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CRACKING With cracking it is something “completely different, because I can’t

control the can any more. It does what it wants and I can just lead it in a few directions.   SMASH 137

SMASH 137, CRONE, JERS / Basel / 2007

Just

when he starts to settle into a direction, it seems that Smash needs to turn everything completely on its head with something extreme—just to shake it up. Enter ‘cracking’; an idea that Smash stumbled across one day while painting a Hall Of Fame. Like always there were kids hanging out there, smoking a few joints and causing a little trouble. As a precautionary measure, Smash was cracking open the left-over cans to release the pressure and render them unusable (so the kids couldn’t cross his piece for a laugh) when the concept suddenly came to him. “I opened them up and it just felt so nice—it was like a shot—and that brought me to the idea to try and paint with it.” The way the paint spurts out of the can so hard and fast, it becomes a force that can only be

left page: SMASH 137 / Heidelberg, Germany / 2008 94

directed but not controlled. When painting with it you must move with strength and conviction or the piece just becomes one big mess, though a little messiness is a given when you ‘crack’. Reminiscent of the surrealist notions of automatism and Jackson Pollock’s action painting, one can see how it appeals to Smash’s sensibilities. Here is a painting style that only works when led by the heart. Smash: “For most writers, the target is to do ‘the perfect piece’, and this is the motivation that keeps me busy. When I see my pieces I can really tell that from around 2007 onwards, I started to do

really new techniques to free myself, because there are so many rules in graffiti and with all those rules graffiti comes to a point where it ends. And with any new thing, like, even when Jackson Pollock started with action painting, most people didn’t understand what was so important about doing these drips and this ‘crazy stuff’. But it was so important to the whole painting scene, to free them from the rules. I feel that graffiti is at a point where we have to do the same, and where some already do. I do my part with what I call cracking. I just take a knife or something sharp, use it to crack the can open, and paint 95


SMASH 137 / Basel / 2007 / my first ‘crack’ piece Photos by Admir Jahic

with this. When I do this I have to empty the can from the first to the very last drop because I can’t stop it. It’s really messy and dirty so I have to work really fast and with power. This is an open style to me because it’s no longer about trying to find the right line, now it’s really working more like a sculpture. For a while I’ve stopped thinking in squares and straight lines, and now and I try to see my piece as a sculpture… or… as a building.” 96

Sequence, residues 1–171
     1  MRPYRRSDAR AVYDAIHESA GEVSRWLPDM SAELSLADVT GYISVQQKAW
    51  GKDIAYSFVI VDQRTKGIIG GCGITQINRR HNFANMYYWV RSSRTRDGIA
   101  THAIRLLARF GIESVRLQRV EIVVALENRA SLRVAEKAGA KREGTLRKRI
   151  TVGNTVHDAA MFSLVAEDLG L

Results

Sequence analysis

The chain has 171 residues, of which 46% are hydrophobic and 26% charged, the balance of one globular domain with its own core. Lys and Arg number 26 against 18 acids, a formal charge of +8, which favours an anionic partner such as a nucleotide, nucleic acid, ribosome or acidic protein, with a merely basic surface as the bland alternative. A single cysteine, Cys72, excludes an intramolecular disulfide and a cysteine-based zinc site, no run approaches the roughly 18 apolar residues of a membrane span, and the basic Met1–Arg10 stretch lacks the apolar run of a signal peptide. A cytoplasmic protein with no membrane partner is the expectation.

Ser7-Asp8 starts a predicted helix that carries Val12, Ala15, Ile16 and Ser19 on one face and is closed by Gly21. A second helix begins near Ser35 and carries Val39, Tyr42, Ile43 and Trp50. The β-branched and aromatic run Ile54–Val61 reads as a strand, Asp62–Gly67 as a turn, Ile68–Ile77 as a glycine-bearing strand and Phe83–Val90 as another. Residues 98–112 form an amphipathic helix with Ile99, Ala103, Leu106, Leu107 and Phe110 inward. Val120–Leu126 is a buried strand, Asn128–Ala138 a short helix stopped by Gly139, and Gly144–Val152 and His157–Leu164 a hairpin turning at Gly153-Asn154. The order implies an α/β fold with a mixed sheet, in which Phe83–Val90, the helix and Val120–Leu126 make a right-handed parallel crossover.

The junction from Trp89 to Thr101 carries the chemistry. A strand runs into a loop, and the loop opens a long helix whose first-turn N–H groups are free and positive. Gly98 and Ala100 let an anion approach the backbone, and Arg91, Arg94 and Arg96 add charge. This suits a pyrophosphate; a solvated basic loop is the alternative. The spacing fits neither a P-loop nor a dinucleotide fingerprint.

All the same, it was no free-for-all; the goal was still to communicate his name and not lose the form in complete abstraction. To do this he used the open parts with a mixture of outlines, just to bring enough form back into the piece. The opening of his letters led to an overall opening of his style; this, combined with the physical nature of cracking, helped free up his approach to the wall and the act of painting itself. Plus, it was damn good fun.

feels pretty easy when you just “letLife it go—of both the good and the bad things. I’m pretty sure it’s the same with graffiti. If I tried to keep everything in my head I would be confused.   Smash 137

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SMASH 137 / Heidelberg, Germany / 2008

SMASH 137 / Heidelberg, Germany / 2008

SMASH 137 / Basel / 2008

SMASH 137 / Heidelberg, Germany / 2008

SMASH 137 / Miami, USA / 2008 / Photo by Ruedione 105


left page: SWEET, CRONE & SMASH 137 / Basel / 2008

Smash 137: With ‘cracking’ I had to stop after a certain point; I got fed up and I just went too loose. But I feel that as a result of all of those paintings you really see that I became freer. This one—it’s probably one of my favorite ones. Just look how much I opened the letters to one another. I mean this gives you so much space for your own interpretation. But I feel it’s still totally clear to everyone looking at it how it works. I would say that it wasn’t until after this crack thing, that my ‘letter kama sutra’ became cool. It at least reached a point where I could say this is something really interesting, and maybe even new.

above: SMASH 137, SMASH / Zwolle / The Netherlands / 2008 106

SMASH 137 / Basel / 2008

pages 108 / 109: SMASH 137 / Salerno, Italy / 2008 / Photos by Ruedione 107


Smash 137